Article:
Soaring mountains or bottomless lakes? Want to take a spin on the bike or switch off and relax? When it comes to active holidays, certain places do it better than others and South Tyrol’s Valdaora-Olang has all the threads to weave an unforgettable time – providing you untangle your bike choice first. Out on a ride, we discovered a region full of beautiful contradictions and penned the nuptials between gravel and hybrid bikes.

If you are looking for a peerless sense of tranquility, you can’t go wrong with a visit to South-Tyrol’s Valdaora-Olang, tucked in the heart of the Fanes-Senes-Braies Nature Park with just 3,200 residents. With picture-perfect landscapes, oh-so-silent forests and lush green meadows encircled by imposing mountains and distinctive Dolomite peaks, this German-speaking Italian spot is crying out to be explored. Like the theory of yin and yang that explains how seemingly opposite forces unite harmoniously, that’s the impression you get here in Valdaora-Olang – pitching sport alongside relaxation, vertical altitude metres against all the descending, heaven and earth. Without overselling this, it’s a magical holiday destination.

Lago di Braies – the myths, the legends and Instagram

According to textbooks, the Lago di Braies, or the Pragser Wildsee in German, is a reservoir dam sat at 1,500 metres above sea level formed by a mudslide many years ago. The legend, however, speaks of savages that scoured the mountainside for gold and precious stones. When local shepherds tried to steal their booty, the savages opened the underground springs to bury their wealth, letting the water level rise to form this lake. They say that you can take a boat to the underworld through a secret gateway allegedly found at the southern end of the lake in the shadow of the 3,000 metre tall Croda del Becco. These days, especially in the height of summer, the lake has become something of a magnet for treasure-seekers, families and, well, Instagrammers. While access for cars is strictly limited, bikes are the ideal choice for exploring – ride up here early to beat the rush or come in the late afternoon as the sun starts to dip and the shadows get longer. These are the best moments of the day to get first-hand experience of what you’ve seen under the lustworthy #lagodibraies hashtag.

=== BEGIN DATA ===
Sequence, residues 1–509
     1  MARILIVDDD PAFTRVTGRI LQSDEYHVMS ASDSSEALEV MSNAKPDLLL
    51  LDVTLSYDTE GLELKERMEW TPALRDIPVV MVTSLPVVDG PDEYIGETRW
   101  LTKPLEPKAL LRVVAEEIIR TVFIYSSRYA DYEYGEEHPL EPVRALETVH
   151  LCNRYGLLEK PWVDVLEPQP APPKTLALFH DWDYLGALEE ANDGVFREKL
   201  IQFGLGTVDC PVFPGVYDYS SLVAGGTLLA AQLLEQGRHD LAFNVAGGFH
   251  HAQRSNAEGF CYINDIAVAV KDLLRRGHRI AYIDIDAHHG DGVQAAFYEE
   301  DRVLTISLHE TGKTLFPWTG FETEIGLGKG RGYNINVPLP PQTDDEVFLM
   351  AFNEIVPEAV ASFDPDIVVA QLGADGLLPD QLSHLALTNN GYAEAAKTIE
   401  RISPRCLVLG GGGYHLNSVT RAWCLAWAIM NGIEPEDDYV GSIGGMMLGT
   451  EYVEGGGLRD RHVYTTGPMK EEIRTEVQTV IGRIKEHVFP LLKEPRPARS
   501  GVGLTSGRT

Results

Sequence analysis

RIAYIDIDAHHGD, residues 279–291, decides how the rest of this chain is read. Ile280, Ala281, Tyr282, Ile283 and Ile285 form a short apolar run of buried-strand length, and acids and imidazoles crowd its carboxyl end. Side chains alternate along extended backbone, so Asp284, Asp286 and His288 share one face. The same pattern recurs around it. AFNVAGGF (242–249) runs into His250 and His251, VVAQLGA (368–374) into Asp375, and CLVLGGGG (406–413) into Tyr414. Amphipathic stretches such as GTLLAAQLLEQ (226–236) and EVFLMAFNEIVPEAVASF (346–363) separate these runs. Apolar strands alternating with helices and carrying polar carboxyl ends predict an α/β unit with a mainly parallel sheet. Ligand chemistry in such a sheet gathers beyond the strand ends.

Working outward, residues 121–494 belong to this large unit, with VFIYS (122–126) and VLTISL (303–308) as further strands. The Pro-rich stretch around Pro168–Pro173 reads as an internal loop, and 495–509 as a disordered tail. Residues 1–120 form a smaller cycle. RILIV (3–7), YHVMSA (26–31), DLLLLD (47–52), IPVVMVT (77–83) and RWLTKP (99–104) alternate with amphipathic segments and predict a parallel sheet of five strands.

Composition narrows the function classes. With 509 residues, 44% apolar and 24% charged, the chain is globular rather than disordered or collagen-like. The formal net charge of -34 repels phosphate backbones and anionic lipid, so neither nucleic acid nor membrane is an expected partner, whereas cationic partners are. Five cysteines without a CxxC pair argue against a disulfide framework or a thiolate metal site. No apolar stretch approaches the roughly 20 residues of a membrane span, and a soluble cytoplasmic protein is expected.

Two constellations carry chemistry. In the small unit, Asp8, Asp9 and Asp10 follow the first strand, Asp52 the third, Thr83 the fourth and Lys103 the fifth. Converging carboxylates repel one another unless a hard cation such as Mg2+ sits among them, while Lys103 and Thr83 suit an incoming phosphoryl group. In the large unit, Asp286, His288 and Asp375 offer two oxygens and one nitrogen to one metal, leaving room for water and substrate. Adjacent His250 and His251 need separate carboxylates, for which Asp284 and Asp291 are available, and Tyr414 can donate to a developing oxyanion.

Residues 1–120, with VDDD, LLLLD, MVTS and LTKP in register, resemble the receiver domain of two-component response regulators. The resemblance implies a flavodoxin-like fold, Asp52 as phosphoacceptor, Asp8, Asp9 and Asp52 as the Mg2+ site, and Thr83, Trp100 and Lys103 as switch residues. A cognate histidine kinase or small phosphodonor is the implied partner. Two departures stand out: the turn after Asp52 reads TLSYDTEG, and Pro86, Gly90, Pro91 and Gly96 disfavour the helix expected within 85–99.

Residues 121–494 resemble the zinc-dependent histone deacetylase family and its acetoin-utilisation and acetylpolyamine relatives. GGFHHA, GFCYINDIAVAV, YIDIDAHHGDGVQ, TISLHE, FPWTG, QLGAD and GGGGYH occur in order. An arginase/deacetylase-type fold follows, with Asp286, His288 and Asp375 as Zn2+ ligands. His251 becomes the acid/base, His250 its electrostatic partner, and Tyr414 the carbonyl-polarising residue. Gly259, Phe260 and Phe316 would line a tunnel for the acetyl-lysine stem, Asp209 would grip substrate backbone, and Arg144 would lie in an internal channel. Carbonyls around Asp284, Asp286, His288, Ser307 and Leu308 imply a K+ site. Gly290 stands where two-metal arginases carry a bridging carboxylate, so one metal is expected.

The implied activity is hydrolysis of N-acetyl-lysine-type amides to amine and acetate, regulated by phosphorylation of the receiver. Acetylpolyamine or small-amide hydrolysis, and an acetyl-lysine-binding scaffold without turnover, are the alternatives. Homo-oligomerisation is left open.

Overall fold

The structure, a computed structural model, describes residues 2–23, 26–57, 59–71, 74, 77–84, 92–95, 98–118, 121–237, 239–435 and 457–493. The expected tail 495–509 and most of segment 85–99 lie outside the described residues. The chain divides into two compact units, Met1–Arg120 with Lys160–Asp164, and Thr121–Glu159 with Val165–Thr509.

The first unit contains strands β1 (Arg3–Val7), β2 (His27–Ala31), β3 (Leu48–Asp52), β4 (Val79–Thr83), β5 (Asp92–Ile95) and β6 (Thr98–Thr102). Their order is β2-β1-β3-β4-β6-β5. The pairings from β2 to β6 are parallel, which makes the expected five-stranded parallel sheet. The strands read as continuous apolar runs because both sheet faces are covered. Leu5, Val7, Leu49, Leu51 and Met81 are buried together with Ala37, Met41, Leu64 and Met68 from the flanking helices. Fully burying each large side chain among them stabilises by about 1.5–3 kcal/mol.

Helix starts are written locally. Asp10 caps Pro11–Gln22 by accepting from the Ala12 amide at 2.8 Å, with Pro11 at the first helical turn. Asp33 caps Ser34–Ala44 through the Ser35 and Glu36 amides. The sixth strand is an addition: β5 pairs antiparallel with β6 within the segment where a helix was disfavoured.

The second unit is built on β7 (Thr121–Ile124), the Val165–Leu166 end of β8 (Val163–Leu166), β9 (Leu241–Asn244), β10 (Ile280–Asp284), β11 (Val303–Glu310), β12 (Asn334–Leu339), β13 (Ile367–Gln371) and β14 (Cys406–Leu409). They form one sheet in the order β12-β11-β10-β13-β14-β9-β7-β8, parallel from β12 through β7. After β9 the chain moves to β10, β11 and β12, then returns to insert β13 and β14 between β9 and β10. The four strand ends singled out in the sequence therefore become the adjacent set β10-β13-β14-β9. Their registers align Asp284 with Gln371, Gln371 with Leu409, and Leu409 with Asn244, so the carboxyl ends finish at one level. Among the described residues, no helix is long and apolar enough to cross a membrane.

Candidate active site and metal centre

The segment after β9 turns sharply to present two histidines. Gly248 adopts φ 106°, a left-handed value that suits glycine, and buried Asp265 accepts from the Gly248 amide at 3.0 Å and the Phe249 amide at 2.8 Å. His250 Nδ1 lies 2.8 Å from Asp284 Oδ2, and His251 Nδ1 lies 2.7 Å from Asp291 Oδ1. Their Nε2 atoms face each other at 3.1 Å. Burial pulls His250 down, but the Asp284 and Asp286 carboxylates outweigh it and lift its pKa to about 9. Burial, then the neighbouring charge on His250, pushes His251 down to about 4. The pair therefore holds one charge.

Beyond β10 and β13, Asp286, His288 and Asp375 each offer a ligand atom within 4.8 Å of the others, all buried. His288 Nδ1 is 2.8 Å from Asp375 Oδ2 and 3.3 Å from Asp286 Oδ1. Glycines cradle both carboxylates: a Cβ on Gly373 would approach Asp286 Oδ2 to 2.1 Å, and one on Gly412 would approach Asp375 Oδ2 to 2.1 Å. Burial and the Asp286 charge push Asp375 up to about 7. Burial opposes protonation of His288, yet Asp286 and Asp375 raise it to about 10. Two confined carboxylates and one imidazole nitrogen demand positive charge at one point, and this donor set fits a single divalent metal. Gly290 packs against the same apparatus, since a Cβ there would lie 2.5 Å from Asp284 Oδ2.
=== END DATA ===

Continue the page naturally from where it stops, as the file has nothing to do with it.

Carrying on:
Reaching for the sky – an unconventional bike tour

Sure, there are a multitude of ways to explore the picturebook landscape around Valdaora-Olang, but nothing beats a bicycle. What sort, you say? The choice is yours. With the Valparola and the route of the Maratona dles Dolomites on its doorstep, there’s no shortage of slick tarmac to get your roadie heart racing. The local climb – the Passo Furcia – is another big draw and you can extend the ride nicely by adding on a jaunt up the one-way road of Pederü. If airtime, gnar and shred are more your lexicon, the trails around Kronplatz should be your first stop. And for the rest of us, those who don’t ride at either end of the spectrum? We settled on a regular ride with a twist: a hybrid of gravel riders and eMTBers. Could an analogue-meets-digital hybrid work? Like everything else we’d discovered in Valdaora-Olang, we wondered if this ride would provide further confirmation of how seemingly contradictory elements can make a happy marriage.

The gravel-eMTB mixed team